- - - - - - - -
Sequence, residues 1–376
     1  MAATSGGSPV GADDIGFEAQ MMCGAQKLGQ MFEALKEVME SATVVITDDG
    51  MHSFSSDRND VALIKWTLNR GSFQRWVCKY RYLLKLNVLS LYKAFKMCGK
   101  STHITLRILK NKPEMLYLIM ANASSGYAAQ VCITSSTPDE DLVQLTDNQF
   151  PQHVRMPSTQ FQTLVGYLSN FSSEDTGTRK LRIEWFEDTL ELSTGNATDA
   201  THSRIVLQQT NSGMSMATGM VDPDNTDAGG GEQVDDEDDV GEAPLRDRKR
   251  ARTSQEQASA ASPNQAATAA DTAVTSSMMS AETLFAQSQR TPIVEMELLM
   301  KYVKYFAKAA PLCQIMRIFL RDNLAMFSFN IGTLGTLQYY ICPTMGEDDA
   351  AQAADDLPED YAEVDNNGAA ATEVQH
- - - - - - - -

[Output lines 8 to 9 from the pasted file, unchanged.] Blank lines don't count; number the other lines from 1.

   301  KYVKYFAKAA PLCQIMRIFL RDNLAMFSFN IGTLGTLQYY ICPTMGEDDA
   351  AQAADDLPED YAEVDNNGAA ATEVQH